Connecting Decentralized Renewable Energy Sources

Author: Oliver Janke, OMICRON electronics, Germany

Legal Regulations

According to the Electricity Feeding Act the network operators in Germany were bound to connect renewable energy sources to their grid since 1st January, 1991. This law also stipulates minimum remunerations for the injected energy. It was replaced by the Renewable Energies Act in 2000 which was last revised in 2009.
The current version determines the rates for injected electrical energy into the grid in dependency on several factors such as the type of energy source, the date of connection to the grid, or the nominal power. These rates are guaranteed for a specified period. Therefore, the guaranteed rates for plants connected in earlier years are higher than for those connected later. This takes into account the higher investment cost for the new technologies and supports further research and development (for example in regards to efficiency, reliability etc.). It also specifies a system service bonus of 0.5 cent/kWh for wind energy power plants that are put into service before the 1st of January 2014, and are meeting a number of requirements mentioned in the Ordinance on System Services by Wind Energy Plants.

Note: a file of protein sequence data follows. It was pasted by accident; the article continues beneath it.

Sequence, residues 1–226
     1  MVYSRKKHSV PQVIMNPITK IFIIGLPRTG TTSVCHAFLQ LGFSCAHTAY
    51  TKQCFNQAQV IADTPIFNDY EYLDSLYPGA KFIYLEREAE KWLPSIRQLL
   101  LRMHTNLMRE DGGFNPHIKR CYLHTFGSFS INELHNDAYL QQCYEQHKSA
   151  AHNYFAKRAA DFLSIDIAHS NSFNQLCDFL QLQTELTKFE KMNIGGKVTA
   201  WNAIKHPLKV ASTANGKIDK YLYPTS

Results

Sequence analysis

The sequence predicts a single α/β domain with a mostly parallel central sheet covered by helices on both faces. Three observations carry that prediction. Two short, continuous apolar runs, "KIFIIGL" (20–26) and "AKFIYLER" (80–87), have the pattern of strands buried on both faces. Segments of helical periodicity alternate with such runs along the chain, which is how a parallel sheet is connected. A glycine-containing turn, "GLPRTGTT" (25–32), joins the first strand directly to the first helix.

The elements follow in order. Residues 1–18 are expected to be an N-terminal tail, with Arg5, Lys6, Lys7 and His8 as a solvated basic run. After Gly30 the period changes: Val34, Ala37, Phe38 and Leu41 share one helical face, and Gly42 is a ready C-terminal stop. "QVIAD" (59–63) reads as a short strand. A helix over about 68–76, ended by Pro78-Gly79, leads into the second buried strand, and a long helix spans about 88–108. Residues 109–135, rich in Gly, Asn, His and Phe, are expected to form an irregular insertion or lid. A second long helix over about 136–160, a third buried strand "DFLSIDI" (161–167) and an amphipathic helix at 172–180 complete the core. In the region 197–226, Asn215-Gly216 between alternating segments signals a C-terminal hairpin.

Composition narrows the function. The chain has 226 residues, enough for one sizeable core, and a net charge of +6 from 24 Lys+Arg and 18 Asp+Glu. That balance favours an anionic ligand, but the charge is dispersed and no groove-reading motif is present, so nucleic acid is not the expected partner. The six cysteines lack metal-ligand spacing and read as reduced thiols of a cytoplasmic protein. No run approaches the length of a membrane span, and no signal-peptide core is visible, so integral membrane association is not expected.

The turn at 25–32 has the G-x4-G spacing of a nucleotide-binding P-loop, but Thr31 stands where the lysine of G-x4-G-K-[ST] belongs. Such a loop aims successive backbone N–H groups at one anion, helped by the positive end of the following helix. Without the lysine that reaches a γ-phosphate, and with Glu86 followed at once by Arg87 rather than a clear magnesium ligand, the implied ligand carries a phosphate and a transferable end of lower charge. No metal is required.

According to this regulation, Directional Reactive Power Undervoltage Protection (Q->& U<) must be installed.
As a guide for developers of such protection devices the FFN (committee for grid technologies and operations within the VDE, Federation of Electro Technology Electronics Information Technology) developed detailed requirement specifications.
The Q->& U< protection's setting  values can be derived from the Technical Guideline for Generating Plants of the Medium-Voltage Power Grid.
This document specifies the requirements according to safety and reliability for connecting electrical energy sources to the medium voltage network.  One requirement is the dynamic grid support during voltage dips within the high voltage network. The electrical energy source must be able to:

  • Stay connected to the grid during network faults
  • Support the system voltage by injecting a reactive current during the fault
  • Receive the same amount of reactive energy or less from the network after the fault was cleared

This must be proven to the network operator with a certificate for each single unit and another certificate for the whole plant.
In summary, the legal regulations state that renewable energy sources connected to the medium voltage network must support the system voltage during network faults (verified by certificate) and should they not do so, for any reason, must be disconnected from the grid by a Q-->& U< protection.

BeijingSifang June 2016